The Schatz Lab has a long-standing relationship working with the Yurok Tribe on energy projects. Starting in 1999, we installed a fuel cell power system at School House Peak that powered their cell phone repeater station. Since then we have installed a residential off-grid solar electric system and conducted energy planning and needs assessment work.
Currently we are conducting a feasibility study to examine the potential for wind- and hydro-electric energy generation on the Reservation. We have been collecting stream flow data on Pecwan and Ke’Pel Creeks for about two years, as well as wind speed data on McKinnon Hill for the past year. We are now analyzing the data, determining the energy generation potential, estimating project costs and potential revenues, and conducting life-cycle economic assessments. The final results of this study are due early next year.
UNPEPP interns Matt Bray and Garren Sparks help install a PV for the BLM (Photo credit SERC).
This article was written by Matt Bray and Garren Sparks.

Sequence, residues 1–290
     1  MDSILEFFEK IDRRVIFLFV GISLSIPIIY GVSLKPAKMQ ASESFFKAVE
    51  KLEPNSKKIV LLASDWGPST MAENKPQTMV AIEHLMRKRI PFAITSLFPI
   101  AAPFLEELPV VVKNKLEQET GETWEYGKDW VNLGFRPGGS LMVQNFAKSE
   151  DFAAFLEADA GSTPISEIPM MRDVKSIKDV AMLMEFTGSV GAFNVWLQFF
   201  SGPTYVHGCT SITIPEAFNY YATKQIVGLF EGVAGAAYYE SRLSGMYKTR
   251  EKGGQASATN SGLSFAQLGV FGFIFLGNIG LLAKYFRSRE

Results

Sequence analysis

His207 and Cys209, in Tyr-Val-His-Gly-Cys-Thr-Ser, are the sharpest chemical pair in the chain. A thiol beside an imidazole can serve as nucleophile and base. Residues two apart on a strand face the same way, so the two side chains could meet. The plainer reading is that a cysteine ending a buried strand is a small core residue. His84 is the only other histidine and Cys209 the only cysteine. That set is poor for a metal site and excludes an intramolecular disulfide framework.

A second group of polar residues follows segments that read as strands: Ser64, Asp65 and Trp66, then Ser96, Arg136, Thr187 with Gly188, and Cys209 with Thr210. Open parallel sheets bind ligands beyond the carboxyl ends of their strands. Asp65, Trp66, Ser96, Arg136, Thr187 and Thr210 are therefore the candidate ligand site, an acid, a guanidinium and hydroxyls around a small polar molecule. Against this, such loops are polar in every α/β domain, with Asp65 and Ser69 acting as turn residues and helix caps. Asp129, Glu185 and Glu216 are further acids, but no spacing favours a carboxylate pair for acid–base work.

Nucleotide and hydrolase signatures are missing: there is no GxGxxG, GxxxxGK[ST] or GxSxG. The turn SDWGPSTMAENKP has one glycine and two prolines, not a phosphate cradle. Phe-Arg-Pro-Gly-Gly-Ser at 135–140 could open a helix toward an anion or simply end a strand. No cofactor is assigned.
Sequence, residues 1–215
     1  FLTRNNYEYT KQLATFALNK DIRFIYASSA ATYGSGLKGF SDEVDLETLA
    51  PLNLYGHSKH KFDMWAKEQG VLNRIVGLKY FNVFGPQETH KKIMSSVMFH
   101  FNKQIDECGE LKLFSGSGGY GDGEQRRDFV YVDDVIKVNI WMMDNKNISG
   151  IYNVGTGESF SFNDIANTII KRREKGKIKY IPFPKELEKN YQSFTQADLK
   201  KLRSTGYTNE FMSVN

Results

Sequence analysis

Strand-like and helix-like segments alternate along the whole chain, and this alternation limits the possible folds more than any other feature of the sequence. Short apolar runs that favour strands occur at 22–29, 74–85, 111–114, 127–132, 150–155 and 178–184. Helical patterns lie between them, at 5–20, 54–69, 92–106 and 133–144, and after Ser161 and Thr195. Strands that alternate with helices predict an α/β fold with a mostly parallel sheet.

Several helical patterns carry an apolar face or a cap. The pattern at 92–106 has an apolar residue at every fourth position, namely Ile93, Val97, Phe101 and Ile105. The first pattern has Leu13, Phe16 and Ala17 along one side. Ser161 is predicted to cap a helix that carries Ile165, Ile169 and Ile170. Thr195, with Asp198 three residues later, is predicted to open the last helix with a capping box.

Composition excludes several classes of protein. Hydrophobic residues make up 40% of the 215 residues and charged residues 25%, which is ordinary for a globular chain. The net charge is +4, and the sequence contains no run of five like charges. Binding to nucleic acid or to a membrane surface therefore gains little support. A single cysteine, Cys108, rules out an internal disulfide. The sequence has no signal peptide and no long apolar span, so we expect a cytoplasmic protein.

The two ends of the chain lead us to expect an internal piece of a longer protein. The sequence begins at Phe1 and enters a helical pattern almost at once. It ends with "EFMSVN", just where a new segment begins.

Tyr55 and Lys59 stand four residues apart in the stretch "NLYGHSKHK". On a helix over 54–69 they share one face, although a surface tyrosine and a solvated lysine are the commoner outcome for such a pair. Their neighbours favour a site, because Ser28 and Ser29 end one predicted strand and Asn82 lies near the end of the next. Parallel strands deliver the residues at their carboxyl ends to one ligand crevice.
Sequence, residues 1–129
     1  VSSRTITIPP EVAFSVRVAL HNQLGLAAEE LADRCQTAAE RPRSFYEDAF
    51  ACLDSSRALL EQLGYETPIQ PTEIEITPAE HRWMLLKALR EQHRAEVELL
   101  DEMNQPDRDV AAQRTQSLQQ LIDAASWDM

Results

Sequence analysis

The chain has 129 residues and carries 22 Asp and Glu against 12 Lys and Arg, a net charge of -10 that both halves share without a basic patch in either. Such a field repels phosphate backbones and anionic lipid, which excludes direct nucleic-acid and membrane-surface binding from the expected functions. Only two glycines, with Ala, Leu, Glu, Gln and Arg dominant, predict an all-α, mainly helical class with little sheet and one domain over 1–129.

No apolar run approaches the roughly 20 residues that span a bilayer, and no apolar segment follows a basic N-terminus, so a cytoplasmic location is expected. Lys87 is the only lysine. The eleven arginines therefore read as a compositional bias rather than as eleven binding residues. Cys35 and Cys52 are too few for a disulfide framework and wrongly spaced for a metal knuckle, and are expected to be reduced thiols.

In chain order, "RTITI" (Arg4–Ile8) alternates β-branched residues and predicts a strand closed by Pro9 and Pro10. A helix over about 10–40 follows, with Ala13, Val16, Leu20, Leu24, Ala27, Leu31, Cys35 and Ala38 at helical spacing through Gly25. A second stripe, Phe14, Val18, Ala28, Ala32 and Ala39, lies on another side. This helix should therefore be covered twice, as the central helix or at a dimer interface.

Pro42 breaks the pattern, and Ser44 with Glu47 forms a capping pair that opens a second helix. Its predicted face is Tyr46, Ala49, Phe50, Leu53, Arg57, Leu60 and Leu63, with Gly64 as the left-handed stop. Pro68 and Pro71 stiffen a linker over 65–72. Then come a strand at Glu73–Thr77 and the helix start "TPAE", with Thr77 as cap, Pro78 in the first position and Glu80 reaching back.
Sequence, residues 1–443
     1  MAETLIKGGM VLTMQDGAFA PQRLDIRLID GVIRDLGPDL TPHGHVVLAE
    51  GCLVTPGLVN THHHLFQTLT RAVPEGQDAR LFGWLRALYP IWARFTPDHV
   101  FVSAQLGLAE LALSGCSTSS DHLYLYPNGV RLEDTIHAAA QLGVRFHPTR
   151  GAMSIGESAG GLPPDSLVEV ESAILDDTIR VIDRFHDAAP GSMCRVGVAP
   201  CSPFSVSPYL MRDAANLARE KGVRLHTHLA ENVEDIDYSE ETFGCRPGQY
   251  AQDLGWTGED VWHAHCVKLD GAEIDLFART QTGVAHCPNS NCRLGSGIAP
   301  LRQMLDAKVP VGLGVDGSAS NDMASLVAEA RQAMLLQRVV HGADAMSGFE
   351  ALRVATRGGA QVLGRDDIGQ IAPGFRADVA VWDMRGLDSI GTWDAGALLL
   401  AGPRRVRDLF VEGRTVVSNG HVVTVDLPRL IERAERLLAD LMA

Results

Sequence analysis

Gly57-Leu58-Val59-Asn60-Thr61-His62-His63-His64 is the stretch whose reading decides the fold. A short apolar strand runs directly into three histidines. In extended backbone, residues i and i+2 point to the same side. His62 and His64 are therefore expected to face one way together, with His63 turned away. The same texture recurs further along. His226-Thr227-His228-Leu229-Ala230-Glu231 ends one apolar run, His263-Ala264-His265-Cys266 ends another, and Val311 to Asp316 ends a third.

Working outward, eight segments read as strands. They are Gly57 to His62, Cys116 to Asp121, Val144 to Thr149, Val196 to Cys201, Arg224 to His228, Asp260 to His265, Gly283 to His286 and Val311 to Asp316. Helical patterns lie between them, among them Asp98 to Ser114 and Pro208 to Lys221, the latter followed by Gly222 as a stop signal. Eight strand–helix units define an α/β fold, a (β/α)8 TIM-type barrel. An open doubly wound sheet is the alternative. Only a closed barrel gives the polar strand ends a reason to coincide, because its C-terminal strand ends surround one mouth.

Recently the Bureau of Land Management contracted with SERC to design and install a photovoltaic (PV) system for the Kaluna Cabin. Located in California’s rugged King Range National Conservation Area in southwestern Humboldt County, the Kaluna Cabin overlooks the Kaluna cliffs and the mighty Pacific Ocean. Acquired by BLM in the 1990’s, the cabin is used to showcase the natural beauty and ecological importance of the area to visiting government officials, dignitaries, and non-profit groups. The cabin has no electricity, and propane is used for lighting, refrigeration, hot water, and cooking. BLM staff decided that an off-grid PV system to provide electricity for lighting and small electronics could improve the usability of the cabin as well as decrease fire hazards associated with using propane for lighting.